Intuitive Eating is written by Evelyn Tribole, MS, RD and Elyse Resch, MS, RD, FADA (both dieticians) and is exceptionally well-researched and well-written. Although the book is marketed as a way to "free yourself from chronic dieting forever," it does discuss the idea that many people who believe they are just careful about what they eat are actually still dieting. Intuitive Eating is based on the idea that we all have a biological 'set point' which is our natural, healthy weight and that if we are able to honor both our hunger and satiety, and have an active lifestyle, that our bodies will naturally settle into that healthy weight.
The program uses ten principles to encourage and teach readers how to have a positive body image and a healthy, normal relationship with food.
- Reject the Diet Mentality: Possibly one of the most important (and hardest) principles of the book is to reject the idea that you always need to be watching your weight or always be on a diet.
- Honor Your Hunger: Learning how to recognize physical cues of hunger and feed your body until you are satisfied (rather than when you think you should stop eating) is such an important concept.
- Make Peace With Food: Although most people in today's society believe that there are 'good' foods and 'bad' foods, this principle focuses on the idea that we don't need to give up favorite foods or feel deprived of things we like to eat.
- Challenge the Food Police: The authors name the thoughts that tell us what we should eat and how much to eat the 'food police.' Many eating disorder sufferers will readily identify this voice as their disorder.
- Feel Your Fullness: Just as noticing physical cues for hunger is an important skill to learn, so is learning physical cues for feeling full and satiated.
- Discover the Satisfaction Factor: This principle focuses on allowing oneself to feel pleasure from the experience of eating.
- Cope With Your Emotions Without Using Food: Something that is extremely common both among sufferers of eating disorders and the general population is the tendency to use food to comfort oneself. This principle focuses on learning new coping skills for experiencing negative (and positive) emotions.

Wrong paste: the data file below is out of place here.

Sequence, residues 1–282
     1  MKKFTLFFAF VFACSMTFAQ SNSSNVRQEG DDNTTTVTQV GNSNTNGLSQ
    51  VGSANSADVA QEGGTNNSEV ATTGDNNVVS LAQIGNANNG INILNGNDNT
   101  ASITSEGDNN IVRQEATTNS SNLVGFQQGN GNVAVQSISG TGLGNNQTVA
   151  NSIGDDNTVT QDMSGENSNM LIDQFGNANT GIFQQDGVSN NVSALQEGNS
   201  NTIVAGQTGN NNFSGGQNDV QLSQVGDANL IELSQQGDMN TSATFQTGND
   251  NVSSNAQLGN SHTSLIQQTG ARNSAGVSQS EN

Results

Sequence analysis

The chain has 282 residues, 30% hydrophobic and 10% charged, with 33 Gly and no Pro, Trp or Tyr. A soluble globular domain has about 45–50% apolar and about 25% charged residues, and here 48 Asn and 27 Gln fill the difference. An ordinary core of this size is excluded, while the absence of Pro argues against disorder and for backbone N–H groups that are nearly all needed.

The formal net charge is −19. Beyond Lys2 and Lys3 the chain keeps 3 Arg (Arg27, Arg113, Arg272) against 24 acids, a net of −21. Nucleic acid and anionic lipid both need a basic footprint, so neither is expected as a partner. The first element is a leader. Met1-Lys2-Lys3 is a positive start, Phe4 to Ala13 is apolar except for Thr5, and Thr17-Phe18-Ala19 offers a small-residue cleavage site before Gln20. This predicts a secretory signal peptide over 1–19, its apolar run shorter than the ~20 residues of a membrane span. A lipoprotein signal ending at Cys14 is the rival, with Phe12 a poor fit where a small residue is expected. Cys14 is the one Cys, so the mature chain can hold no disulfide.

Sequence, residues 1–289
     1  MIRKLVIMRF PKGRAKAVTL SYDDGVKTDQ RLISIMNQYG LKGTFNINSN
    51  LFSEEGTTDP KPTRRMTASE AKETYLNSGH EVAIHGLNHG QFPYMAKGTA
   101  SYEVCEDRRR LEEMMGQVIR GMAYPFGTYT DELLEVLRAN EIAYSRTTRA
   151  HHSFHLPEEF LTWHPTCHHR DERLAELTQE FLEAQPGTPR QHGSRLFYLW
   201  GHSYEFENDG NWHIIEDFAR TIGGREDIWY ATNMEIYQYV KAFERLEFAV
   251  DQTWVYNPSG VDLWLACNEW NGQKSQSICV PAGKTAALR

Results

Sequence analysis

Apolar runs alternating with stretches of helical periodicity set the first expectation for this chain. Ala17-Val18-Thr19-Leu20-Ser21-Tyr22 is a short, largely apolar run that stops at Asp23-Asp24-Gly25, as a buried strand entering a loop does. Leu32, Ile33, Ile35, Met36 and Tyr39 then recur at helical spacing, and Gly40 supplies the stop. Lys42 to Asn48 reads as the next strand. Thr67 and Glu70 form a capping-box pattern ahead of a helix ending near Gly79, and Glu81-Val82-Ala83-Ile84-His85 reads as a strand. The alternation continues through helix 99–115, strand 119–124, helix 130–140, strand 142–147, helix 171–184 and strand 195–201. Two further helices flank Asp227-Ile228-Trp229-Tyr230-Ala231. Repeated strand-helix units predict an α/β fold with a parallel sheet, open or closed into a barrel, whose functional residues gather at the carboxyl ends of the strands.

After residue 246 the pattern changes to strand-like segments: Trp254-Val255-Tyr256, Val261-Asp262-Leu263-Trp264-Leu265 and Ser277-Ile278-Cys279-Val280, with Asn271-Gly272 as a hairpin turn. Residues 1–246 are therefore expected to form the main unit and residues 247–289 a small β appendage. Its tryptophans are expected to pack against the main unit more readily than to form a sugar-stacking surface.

- Respect Your Body: Everyone's body is different and accepting the size and shape that your body naturally fits is an important way to stop fighting against it.
- Exercise - Feel The Difference: The authors don't recommend a strict exercise regimen. On the contrary, they offer the idea that including activities that you enjoy in your life will provide you with movement and a work out.
- Honor Your Health - Gentle Nutrition: This principle acknowledges the need to pay some attention to one's intake, in the sense that everyone needs a variety of foods and should eat nutritious food. However, it also allows for an imperfect diet. You don't need to only eat nutritious food. Some food choices can (and should) be made based on taste.
Overall, I really enjoyed reading this book and have found myself using the principles throughout my work with clients as well. It is a very easy to understand and follow book as well. I highly recommend it.
I am hopeful that the authors will include information for parents on teaching intuitive eating to children in future editions or other works. This is an area that isn't addressed in the current edition.
Who is This Book Appropriate For?
This book isn't written specifically for eating disorders so it is appropriate for many people who are struggling with diet cycling and food issues but may not have a diagnosed eating disorder. However, the principles are also extremely helpful for people who are suffering from anorexia nervosa, bulimia nervosa and binge eating disorder as well. It would also be helpful for the loved one's of someone struggling with disordered eating or food issues as well as it is important for others to understand that dieting isn't the answer.
Update for the 3rd Edition: In July 2012, a 3rd Edition of Intuitive Eating was released. The message remains the same. However, two new chapters have been added regarding how to raise an intuitive eater with suggestions for parents and a chapter on using intuitive eating as part of one’s treatment and recovery from an eating disorder. These chapters answer many of the questions I had following the earlier edition. I am so excited that the authors added this information and would fully recommend purchasing a new copy of the book even if you already have an older edition.
Tribole, E. & Resch, E.(2012). Intuitive eating: A revolutionary program that works. New York, NY: St. Martin's Griffin.